Seymour celebrates election day
In a campaign that has brought unprecedented attention to Seymour, a mood of tension has shifted to anticipation and relief on election day.
Voters were met by a mixture of seasoned campaigners, excited volunteers and family ring-ins handing out how-to-vote cards. With voters coming in waves to Seymour Anglican Parish Hall, there was an air of celebration and anticipation on the final day of voting
Against the backdrop of sunny late May weather, volunteers were feeling optimistic about what the result might bring.
Rod Heath, who had United Australia Party candidate Dr Rob Peterson as his best man, was hopeful about how the count would progress.
“We hope he can get double figures, if he can get 10% I might be very happy” he said.
Speaking against mandates Mr Heath said he was concerned that governments were not discussing vaccine mandates, which he described as “totally against people’s civil liberties and against the Nuremberg Convention.”
Julie Morgan was supporting Labor Candidate Bill Lodwick. Ms Morgan was surprised by the number of voters who weren’t taking cards believing that many voters had already made up their mind prior to heading into the ballot box.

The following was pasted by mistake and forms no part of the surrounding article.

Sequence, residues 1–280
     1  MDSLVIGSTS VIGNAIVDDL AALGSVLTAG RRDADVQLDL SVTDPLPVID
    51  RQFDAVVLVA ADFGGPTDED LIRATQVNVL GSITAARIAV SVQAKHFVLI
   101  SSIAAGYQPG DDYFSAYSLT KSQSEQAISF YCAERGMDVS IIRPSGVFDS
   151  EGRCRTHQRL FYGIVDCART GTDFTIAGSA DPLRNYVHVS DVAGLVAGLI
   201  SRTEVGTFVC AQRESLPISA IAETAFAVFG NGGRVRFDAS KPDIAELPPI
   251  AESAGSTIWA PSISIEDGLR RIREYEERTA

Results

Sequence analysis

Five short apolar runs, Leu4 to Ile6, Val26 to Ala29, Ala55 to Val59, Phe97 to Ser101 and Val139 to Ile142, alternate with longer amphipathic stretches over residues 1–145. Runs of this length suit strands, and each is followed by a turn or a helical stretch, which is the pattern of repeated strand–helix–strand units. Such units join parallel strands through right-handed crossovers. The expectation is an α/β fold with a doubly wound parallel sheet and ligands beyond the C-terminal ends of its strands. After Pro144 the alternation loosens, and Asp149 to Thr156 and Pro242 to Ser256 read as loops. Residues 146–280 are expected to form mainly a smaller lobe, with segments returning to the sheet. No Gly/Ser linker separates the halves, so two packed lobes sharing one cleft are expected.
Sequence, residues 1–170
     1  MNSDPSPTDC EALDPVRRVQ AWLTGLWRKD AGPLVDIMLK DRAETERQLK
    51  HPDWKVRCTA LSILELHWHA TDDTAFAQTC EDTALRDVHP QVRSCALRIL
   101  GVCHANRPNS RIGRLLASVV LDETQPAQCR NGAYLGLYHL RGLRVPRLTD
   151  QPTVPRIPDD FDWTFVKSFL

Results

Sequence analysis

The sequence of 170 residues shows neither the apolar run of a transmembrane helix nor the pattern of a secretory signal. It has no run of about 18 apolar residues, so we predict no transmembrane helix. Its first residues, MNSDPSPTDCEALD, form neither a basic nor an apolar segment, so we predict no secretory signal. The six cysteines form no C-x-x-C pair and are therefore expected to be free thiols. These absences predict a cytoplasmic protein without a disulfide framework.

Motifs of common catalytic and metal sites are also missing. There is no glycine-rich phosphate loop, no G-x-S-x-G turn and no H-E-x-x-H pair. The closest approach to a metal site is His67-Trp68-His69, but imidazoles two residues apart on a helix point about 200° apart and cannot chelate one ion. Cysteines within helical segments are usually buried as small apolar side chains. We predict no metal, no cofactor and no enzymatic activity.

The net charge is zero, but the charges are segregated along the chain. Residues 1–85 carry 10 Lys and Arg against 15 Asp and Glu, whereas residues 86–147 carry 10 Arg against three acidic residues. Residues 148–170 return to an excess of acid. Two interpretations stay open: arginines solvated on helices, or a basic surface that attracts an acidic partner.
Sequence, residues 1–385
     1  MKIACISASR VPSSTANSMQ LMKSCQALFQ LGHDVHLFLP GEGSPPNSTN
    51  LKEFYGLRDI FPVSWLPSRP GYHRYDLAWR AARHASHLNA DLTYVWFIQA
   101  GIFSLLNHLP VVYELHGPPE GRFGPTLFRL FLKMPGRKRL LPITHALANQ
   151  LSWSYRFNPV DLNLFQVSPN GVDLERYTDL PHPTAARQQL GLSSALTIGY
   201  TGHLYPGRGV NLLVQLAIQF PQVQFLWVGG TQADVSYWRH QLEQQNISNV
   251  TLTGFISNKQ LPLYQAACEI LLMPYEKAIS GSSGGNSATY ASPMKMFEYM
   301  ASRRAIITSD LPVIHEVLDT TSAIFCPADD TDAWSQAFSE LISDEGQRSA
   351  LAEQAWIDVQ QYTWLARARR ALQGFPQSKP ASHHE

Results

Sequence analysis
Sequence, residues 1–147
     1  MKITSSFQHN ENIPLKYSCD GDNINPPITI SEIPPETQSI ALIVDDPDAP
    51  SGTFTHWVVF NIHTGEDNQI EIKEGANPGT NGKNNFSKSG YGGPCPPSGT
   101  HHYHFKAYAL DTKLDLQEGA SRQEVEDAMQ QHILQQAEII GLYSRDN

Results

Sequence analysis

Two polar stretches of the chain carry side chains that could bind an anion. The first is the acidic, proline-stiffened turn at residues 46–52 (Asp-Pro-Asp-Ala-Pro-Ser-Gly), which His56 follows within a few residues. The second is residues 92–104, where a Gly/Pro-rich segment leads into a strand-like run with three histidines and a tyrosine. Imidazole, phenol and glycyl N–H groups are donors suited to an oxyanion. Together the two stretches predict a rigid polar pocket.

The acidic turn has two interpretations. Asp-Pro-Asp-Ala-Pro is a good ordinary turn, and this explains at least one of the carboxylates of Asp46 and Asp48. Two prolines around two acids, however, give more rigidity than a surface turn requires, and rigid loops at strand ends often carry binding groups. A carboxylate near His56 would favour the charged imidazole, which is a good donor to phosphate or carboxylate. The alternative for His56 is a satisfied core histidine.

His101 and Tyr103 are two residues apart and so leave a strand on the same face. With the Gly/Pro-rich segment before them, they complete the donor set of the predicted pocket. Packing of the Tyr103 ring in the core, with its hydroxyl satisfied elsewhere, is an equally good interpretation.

Ms Morgan who has been a Labor Party member since she was 15 was pleased to support Mr Lodwick for a second time around.
“Bill is a good genuine man,” she said.
“He’s very intelligent and very interested in local issues and doing the best for people in the electorate.”
Younger faces defined the support for independent Rob Priestly and the Nationals’ Sam Birrell.
Claire Salter Parry who knew Rob Priestly from GV Cares was surprised by the busyness at the Anglican Church. She was excited about the prospect of Nicholls having independent representation.
“I think he puts his money where his mouth is, and I’d like to see better representation for the community of Nicholls... the major parties have lost their way,” she said.
“We’ve seen just over the past week how grubby things have become and Rob’s maintained his integrity throughout all of that.”
Leonie Feery met Mr Birrell recently at a local football match and described the candidate as “very pleasant”. She thought the Nationals were best placed to represent regional Victoria.
“I just think people need to remember that the Nationals are about country people,” she explained.
“We won’t have a voice if we don’t have many Nats around.”
In addition to exercising their democratic duty, voters could also enjoy democracy sausages as part of the Anglican church’s fundraiser.
Reverend Richard Pennington was thrilled with how the morning was progressing.
“It’s important for us as a fundraiser to enable us to operate within the community… and to continue our work as a church because we don’t get funding from anywhere else,” he said.
“It’s a great atmosphere and warm day, and we’re all out and about doing stuff.”